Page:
Hauglegging i Sør-Fron – hva var de redd for? Gravfunn, løsfunn og flomskred i yngre jernalder
The density of large burial mounds in Sør-Fron shows that interring bodies in earth and stone was an act of great importance to the populace at some point in prehistory. In this paper I analyse grave finds and stray finds to establish when this need was at its most urgent. My results imply that the majority of the mounds date to the Late Iron Age, and show that the mounds had the agency to structure ritual action in the area at this time.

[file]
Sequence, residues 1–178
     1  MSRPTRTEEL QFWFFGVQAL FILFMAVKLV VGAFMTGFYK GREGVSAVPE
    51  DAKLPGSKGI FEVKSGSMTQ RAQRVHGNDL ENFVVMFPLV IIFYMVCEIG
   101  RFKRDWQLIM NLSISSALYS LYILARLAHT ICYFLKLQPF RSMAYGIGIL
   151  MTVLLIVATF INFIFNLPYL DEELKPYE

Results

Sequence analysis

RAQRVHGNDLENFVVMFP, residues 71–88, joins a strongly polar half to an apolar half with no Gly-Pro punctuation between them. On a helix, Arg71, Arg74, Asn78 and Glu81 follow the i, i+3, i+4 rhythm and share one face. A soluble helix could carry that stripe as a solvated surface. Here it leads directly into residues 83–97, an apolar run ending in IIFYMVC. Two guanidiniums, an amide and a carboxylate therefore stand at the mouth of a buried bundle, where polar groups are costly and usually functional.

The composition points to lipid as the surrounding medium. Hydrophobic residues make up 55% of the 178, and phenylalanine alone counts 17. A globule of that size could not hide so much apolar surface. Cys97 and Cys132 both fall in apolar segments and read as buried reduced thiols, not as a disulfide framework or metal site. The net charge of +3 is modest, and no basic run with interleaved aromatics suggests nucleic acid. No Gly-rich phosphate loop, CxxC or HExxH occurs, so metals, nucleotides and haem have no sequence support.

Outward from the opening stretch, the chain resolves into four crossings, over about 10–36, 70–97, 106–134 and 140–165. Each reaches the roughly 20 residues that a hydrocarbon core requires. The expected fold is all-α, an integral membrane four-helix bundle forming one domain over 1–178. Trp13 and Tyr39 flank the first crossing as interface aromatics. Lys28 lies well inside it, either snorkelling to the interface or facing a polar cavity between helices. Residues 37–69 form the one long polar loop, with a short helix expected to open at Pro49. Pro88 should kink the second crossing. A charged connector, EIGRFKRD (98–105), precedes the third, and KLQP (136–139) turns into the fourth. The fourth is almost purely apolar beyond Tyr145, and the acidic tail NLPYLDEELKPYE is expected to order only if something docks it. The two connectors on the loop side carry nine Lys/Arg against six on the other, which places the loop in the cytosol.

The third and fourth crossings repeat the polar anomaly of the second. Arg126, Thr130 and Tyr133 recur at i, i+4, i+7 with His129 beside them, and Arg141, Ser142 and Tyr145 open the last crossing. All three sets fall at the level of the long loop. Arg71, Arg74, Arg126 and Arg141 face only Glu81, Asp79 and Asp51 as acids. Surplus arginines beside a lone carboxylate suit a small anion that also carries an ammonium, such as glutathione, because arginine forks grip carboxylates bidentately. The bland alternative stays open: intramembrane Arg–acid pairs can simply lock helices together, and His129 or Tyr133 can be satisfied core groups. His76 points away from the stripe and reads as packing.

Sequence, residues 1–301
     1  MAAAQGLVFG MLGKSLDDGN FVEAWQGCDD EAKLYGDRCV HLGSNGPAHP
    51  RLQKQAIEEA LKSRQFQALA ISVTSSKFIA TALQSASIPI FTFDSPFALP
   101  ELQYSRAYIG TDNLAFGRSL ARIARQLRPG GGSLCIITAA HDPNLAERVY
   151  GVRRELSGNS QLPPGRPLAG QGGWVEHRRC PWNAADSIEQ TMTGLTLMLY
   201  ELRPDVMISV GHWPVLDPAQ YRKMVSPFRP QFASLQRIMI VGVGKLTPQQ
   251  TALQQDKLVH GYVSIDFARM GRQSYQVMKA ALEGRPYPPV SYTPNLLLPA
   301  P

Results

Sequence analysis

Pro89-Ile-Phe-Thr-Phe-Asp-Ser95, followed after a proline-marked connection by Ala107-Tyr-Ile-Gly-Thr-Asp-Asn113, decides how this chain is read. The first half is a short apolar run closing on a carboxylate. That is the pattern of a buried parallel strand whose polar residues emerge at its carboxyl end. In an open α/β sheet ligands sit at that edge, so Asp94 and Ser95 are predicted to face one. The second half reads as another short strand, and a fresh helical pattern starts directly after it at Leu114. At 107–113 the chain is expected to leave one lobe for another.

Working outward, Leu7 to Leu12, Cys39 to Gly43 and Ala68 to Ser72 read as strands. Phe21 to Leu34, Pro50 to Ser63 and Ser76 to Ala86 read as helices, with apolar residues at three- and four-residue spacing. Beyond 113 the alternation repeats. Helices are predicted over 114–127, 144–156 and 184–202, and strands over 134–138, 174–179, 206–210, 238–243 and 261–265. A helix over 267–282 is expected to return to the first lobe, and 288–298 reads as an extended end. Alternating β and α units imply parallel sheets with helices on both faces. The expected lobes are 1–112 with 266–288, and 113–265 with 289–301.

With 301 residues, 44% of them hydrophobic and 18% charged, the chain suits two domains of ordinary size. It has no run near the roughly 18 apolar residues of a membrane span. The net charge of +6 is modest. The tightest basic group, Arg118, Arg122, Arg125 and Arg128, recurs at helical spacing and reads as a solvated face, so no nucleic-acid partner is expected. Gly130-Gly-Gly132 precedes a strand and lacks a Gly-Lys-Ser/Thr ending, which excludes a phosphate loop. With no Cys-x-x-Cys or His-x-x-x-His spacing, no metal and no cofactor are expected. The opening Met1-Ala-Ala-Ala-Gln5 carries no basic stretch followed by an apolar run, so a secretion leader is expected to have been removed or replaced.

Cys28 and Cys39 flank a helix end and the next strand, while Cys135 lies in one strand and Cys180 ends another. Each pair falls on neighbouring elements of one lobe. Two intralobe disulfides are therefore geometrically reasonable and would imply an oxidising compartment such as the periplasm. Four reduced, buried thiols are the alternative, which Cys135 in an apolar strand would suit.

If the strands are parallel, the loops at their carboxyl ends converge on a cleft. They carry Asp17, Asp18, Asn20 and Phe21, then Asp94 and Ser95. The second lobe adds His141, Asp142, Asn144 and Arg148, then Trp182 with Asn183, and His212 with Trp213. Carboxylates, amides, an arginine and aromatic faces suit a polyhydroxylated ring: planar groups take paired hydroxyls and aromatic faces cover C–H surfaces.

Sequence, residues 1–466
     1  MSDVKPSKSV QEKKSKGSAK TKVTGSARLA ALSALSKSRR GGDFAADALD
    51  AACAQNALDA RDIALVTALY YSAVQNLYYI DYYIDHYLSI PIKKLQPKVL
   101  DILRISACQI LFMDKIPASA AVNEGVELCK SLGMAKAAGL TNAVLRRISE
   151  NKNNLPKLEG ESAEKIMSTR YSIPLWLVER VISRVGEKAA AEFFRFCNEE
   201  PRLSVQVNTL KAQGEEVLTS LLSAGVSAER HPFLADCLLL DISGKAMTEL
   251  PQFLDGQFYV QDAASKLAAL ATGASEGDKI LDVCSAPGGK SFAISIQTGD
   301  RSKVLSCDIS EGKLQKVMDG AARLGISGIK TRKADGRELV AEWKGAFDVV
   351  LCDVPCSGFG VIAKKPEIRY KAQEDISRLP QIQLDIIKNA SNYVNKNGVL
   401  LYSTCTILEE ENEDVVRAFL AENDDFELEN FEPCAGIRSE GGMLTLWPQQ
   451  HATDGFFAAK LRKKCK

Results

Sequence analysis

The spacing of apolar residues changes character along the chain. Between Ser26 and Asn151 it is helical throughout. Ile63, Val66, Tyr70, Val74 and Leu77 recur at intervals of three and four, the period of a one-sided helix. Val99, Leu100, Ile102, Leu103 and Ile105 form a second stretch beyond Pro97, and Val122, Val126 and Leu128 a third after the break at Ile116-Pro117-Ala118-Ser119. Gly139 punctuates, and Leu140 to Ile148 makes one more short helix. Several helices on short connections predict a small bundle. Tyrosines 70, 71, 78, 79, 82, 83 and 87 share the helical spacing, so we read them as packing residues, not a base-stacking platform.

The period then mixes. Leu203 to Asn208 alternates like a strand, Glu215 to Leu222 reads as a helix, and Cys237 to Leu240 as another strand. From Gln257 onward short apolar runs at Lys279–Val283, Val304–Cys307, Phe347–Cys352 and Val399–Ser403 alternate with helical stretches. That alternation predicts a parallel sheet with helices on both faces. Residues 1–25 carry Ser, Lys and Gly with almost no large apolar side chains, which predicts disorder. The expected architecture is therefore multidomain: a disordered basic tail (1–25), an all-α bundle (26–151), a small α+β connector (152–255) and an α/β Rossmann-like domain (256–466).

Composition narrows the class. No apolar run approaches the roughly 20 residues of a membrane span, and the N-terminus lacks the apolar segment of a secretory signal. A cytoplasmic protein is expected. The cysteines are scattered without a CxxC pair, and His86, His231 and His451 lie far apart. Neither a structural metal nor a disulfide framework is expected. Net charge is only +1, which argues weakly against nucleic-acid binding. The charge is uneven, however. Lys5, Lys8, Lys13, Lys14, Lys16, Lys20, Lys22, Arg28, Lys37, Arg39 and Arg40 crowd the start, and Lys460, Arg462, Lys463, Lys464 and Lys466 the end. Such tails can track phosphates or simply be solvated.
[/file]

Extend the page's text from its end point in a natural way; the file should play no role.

Natural disasters, especially in the form of landslides, constituted a constant threat to the farming communities of the area in the Late Iron Age. Drawing on the work of Tarlow (1995), Skre (1996), Gardela (2016) and Eriksen (2019), I argue that constructing mounds was a way of coping with these threats through a manifestation of land ownership and a strategy of “ritual fertilization”.
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